# 4.2: Linear Systems of Differential Equations

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A  first order system of  differential equations that can be written in
the form
\label{eq:10.2.1}
\begin{array}{ccl}
y'_1&=&a_{11}(t)y_1+a_{12}(t)y_2+\cdots+a_{1n}(t)y_n+f_1(t)\\
y'_2&=&a_{21}(t)y_1+a_{22}(t)y_2+\cdots+a_{2n}(t)y_n+f_2(t)\\
&\vdots\\
y'_n&
=&a_{n1}(t)y_1+a_{n2}(t)y_2+\cdots+a_{nn}(t)y_n+f_n(t)\end{array}

is called a {\color{blue}\it linear system\/}.

The linear system \eqref{eq:10.2.1}  can be written in matrix form as
$$\col{y'}n=\matfunc ann\col yn+\colfunc fn,$$
or more briefly as
\label{eq:10.2.2}
{\bf y}'=A(t){\bf y}+{\bf f}(t),

where
$${\bf y}=\col yn,\quad A(t)=\matfunc ann,\mbox{\quad and \quad}{\bf f}(t)=\colfunc fn.$$
We call $A$  the {\color{blue}\it coefficient matrix\/} of \eqref{eq:10.2.2} and
${\bf f}$  the {\color{blue}\it forcing function\/}.   We'll say that $A$
and ${\bf f}$ are {\color{blue}\it continuous\/} if their entries are continuous.
If ${\bf f}={\bf 0}$, then \eqref{eq:10.2.2} is {\color{blue}\it
homogeneous\/};
otherwise, \eqref{eq:10.2.2} is {\color{blue}\it nonhomogeneous\/}.

An  initial value problem  for \eqref{eq:10.2.2} consists of
finding a solution of \eqref{eq:10.2.2} that equals a given constant
vector
$${\bf k} =\col kn.$$
at some initial point $t_0$. We write this initial value problem as
$${\bf y}'=A(t){\bf y}+{\bf f}(t), \quad {\bf y}(t_0)={\bf k}.$$

The next theorem gives sufficient conditions for the existence
of solutions of initial value problems for \eqref{eq:10.2.2}. We omit the
proof.

\begin{theorem}\color{blue} \label{thmtype:10.2.1}
Suppose the coefficient matrix $A$ and the forcing function ${\bf f}$ are continuous on $(a,b)$, let $t_0$ be in $(a,b)$, and let ${\bf k}$ be an arbitrary constant $n$-vector. Then the initial value
problem
$${\bf y}'=A(t){\bf y}+{\bf f}(t), \quad {\bf y}(t_0)={\bf k}$$
has a unique solution on $(a,b)$.
\end{theorem}

\begin{example}\label{example:10.2.1}
\rm \mbox{}\newline
\begin{alist}
\item % (a)
Write the system
\label{eq:10.2.3}
\begin{array}{rcl}
y_1'&=&\phantom{2}y_1+2y_2+2e^{4t} \\[1\jot]
y_2'&=&2y_1+\phantom{2}y_2+\phantom{2}e^{4t}
\end{array}

in matrix form and conclude from Theorem~\ref{thmtype:10.2.1} that every
initial value problem for \eqref{eq:10.2.3} has a unique solution on
$(-\infty,\infty)$.
\item % (b)
Verify that
\label{eq:10.2.4}
{\bf y}=
{1\over5}\twocol87e^{4t}+c_1\twocol11e^{3t}+c_2\twocol1{-1}e^{-t}

is a solution of \eqref{eq:10.2.3} for all values of the constants $c_1$
and $c_2$.
\item % (c)
Find the  solution of the initial value problem
\label{eq:10.2.5}
y}(0)={1\over5}\twocol3{22}.

\end{alist}
\end{example}

\solutionpart{a}
The system  \eqref{eq:10.2.3} can be written in matrix form as
$${\bf y}'=\twobytwo1221{\bf y}+\twocol21e^{4t}.$$
An initial value problem for \eqref{eq:10.2.3} can be written as
$${\bf y}'=\twobytwo1221{\bf y}+\twocol21e^{4t}, \quad y(t_0)=\twocol{k_1}{k_2}.$$
Since the coefficient matrix and the forcing function are both
continuous on $(-\infty,\infty)$, Theorem~\ref{thmtype:10.2.1} implies that
this problem has a unique solution on $(-\infty,\infty)$.

\solutionpart{b}
If ${\bf y}$ is given by \eqref{eq:10.2.4}, then
\begin{eqnarray*}
A{\bf y}+{\bf f}&=&
{1\over5}\twobytwo1221\twocol87e^{4t}+
c_1\twobytwo1221\twocol11e^{3t}\\[2\jot]
&&+c_2\twobytwo1221\twocol1{-1}e^{-t}
+\twocol21e^{4t}\\[2\jot]
&=&{1\over5}\twocol{22}{23}e^{4t}+c_1\twocol33e^{3t}+c_2\twocol{-1}1e^{-t}
+\twocol21e^{4t}\\[2\jot]
&=&{1\over5}\twocol{32}{28}e^{4t}+3c_1\twocol11e^{3t}-c_2\twocol1{-1}e^{-t}
={\bf y}'.
\end{eqnarray*}

\solutionpart{c}
We must choose $c_1$ and $c_2$ in \eqref{eq:10.2.4} so that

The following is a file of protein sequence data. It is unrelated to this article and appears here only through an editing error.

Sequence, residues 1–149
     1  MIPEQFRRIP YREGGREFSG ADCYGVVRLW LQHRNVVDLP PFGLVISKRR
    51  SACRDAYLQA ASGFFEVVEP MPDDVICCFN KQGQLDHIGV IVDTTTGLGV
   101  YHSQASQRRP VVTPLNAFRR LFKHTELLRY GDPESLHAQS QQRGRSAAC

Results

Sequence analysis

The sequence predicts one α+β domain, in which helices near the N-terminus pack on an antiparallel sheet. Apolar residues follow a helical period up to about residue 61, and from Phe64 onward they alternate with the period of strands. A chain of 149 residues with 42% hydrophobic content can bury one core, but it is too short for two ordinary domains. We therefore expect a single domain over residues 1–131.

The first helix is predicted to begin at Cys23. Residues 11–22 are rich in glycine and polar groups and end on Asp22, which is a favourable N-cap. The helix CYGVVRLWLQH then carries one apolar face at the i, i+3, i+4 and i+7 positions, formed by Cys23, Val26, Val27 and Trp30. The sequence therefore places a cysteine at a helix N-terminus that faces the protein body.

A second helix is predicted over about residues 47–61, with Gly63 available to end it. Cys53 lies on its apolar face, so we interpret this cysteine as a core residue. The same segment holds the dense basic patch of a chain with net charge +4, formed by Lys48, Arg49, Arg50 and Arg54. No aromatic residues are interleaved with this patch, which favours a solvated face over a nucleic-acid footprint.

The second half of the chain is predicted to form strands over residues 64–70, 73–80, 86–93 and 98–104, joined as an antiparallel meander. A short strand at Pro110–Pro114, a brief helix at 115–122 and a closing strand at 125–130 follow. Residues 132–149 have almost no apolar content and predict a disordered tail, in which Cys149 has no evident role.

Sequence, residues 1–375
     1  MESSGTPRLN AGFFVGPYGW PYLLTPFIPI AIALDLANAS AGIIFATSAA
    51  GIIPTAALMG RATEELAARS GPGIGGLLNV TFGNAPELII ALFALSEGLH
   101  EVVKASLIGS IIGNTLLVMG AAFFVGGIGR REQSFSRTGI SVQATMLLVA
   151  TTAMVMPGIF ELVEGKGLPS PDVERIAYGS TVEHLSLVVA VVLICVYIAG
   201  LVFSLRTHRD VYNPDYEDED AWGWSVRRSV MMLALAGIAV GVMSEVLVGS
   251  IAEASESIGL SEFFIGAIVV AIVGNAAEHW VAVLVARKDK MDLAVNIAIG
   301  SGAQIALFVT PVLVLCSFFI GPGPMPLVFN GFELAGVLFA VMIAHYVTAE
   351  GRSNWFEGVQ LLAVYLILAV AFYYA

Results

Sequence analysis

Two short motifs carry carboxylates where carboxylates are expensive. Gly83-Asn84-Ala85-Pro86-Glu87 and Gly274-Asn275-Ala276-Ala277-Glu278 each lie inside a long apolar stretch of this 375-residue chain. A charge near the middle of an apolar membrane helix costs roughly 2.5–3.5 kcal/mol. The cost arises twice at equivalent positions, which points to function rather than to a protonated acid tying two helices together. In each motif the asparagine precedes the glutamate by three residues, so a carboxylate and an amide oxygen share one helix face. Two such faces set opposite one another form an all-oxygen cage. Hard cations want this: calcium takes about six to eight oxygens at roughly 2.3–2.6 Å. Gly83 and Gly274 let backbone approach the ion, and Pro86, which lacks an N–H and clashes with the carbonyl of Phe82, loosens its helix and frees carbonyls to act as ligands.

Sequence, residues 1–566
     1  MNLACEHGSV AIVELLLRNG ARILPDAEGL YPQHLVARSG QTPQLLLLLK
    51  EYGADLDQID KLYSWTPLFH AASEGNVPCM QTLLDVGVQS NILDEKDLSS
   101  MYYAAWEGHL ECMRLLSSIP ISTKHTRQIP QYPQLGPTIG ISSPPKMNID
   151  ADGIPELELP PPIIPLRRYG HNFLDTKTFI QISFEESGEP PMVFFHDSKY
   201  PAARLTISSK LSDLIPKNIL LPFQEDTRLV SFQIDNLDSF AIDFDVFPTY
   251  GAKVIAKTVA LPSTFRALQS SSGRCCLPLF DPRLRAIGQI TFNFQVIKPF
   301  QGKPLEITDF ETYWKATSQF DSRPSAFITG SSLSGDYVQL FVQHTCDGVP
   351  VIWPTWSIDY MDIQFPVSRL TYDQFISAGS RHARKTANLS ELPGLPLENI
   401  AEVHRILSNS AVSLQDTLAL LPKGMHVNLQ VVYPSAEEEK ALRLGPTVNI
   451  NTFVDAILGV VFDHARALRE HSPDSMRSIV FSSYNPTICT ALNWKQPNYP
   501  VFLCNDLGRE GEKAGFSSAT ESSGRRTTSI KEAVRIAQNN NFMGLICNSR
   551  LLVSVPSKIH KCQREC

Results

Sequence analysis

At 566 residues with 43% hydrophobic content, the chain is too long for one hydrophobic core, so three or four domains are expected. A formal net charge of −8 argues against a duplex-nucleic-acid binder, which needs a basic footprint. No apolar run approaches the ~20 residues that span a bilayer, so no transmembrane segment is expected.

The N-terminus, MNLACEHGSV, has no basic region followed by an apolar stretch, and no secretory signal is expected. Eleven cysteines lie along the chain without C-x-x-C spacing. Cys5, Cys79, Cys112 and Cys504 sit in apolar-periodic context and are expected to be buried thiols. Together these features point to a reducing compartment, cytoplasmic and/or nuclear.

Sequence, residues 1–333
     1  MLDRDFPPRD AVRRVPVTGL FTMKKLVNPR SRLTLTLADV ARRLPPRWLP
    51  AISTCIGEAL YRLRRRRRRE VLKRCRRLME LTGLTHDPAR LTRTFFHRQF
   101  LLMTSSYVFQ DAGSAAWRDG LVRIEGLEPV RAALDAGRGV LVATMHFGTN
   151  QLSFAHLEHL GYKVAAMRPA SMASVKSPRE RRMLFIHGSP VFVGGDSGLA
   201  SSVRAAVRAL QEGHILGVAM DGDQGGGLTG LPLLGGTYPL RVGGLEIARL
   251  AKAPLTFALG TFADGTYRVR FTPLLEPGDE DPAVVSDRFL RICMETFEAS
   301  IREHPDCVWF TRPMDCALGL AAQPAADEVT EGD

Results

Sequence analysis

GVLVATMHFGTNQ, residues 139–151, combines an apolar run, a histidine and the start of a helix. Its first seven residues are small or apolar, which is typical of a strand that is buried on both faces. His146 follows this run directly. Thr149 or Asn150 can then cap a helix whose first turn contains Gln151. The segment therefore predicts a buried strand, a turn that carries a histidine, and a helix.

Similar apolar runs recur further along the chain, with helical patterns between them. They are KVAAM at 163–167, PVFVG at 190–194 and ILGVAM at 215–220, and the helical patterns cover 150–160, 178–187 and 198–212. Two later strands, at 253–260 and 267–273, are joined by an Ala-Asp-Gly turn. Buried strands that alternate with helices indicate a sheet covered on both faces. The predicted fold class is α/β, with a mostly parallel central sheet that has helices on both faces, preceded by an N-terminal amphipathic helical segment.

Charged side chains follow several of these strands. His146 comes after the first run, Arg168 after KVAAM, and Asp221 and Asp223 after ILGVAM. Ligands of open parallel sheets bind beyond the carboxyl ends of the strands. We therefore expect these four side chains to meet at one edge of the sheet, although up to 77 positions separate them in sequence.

$${1\over5}\twocol87+c_1\twocol11+c_2\twocol1{-1}={1\over5}\twocol3{22},$$
which is equivalent to
$$\twobytwo111{-1}\twocol{c_1}{c_2}=\twocol{-1}3.$$
Solving this system yields $c_1=1$, $c_2=-2$, so
$${\bf y}={1\over5}\twocol87e^{4t}+\twocol11e^{3t}-2\twocol1{-1}e^{-t}$$
is the solution of  \eqref{eq:10.2.5}.

\color{blue}
\remark{The theory of $n\times n$ linear systems of differential
equations is analogous to the theory of the scalar $n$-th order
equation
\label{eq:10.2.6}
P_0(t)y^{(n)}+P_1(t)y^{(n-1)}+\cdots+P_n(t)y=F(t),

as
developed in Sections~9.1. For example, by rewriting
\eqref{eq:10.2.6} as an equivalent linear system it can be shown that
Theorem~\ref{thmtype:10.2.1} implies Theorem~\ref{thmtype:9.1.1}
(Exercise~\ref{exer:10.2.12}).}
\color{black}

\newpage
\exercises

\begin{exerciselist}

\item\label{exer:10.2.1}
Rewrite the system in matrix form and
verify that the given vector function satisfies the  system for
any choice of the constants $c_1$ and $c_2$.

\begin{alist}
\item % (a)
$\begin{array}{ccl}y'_1&=&2y_1 + 4y_2\\ y_2'&=&4y_1+2y_2;\end{array} \quad {\bf y}=c_1\twocol11e^{6t}+c_2\twocol1{-1}e^{-2t}$

\item % (b)
$\begin{array}{ccl}y'_1&=&-2y_1 - 2y_2\\ y_2'&=&-5y_1 + \phantom{2}y_2;\end{array} \quad {\bf y}=c_1\twocol11e^{-4t}+c_2\twocol{-2}5e^{3t}$

\item % (c)
$\begin{array}{ccr}y'_1&=&-4y_1 -10y_2\\ y_2'&=&3y_1 + \phantom{1}7y_2;\end{array} \quad {\bf y}=c_1\twocol{-5}3e^{2t}+c_2\twocol2{-1}e^t$

\item % (d)
$\begin{array}{ccl}y'_1&=&2y_1 +\phantom{2}y_2 \\ y_2'&=&\phantom{2}y_1 + 2y_2;\end{array} \quad {\bf y}=c_1\twocol11e^{3t}+c_2\twocol1{-1}e^t$
\end{alist}

\item\label{exer:10.2.2}
Rewrite the system in matrix form and
verify that the given vector function satisfies the  system for
any choice of the constants $c_1$, $c_2$, and $c_3$.

\begin{alist}
\item % (a)
$\begin{array}{ccr}y'_1&=&- y_1+2y_2 + 3y_3 \\ y_2'&=&y_2 + 6y_3\\y_3'&=&- 2y_3;\end{array}$

${\bf y}=c_1\threecol110e^t+c_2\threecol100e^{-t}+c_3\threecol1{-2}1e^{-2t}$

\item % (b)
$\begin{array}{ccc}y'_1&=&\phantom{2y_1+}2y_2 + 2y_3 \\ y_2'&=&2y_1\phantom{+2y_2} + 2y_3\\y_3'&=&2y_1 + 2y_2;\phantom{+2y_3}\end{array}$

${\bf y}=c_1\threecol{-1}01e^{-2t}+c_2\threecol0{-1}1e^{-2t}+c_3\threecol111e^{4t}$

\item % (c)
$\begin{array}{ccr}y'_1&=&-y_1 +2y_2 + 2y_3\\ y_2'&=&2y_1 -\phantom{2}y_2 +2y_3\\y_3'&=&2y_1 + 2y_2 -\phantom{2}y_3;\end{array}$

${\bf y}=c_1\threecol{-1}01e^{-3t}+c_2\threecol0{-1}1e^{-3t}+c_3\threecol111e^{3t}$

\item % (d)
$\begin{array}{ccr}y'_1&=&3y_1 - \phantom{2}y_2 -\phantom{2}y_3 \\ y_2'&=&-2y_1 + 3y_2 + 2y_3\\y_3'&=&\phantom{-}4y_1 -\phantom{3}y_2 - 2y_3;\end{array}$

${\bf y}=c_1\threecol101e^{2t}+c_2\threecol1{-1}1e^{3t}+c_3\threecol1{-3}7e^{-t}$
\end{alist}

\item\label{exer:10.2.3}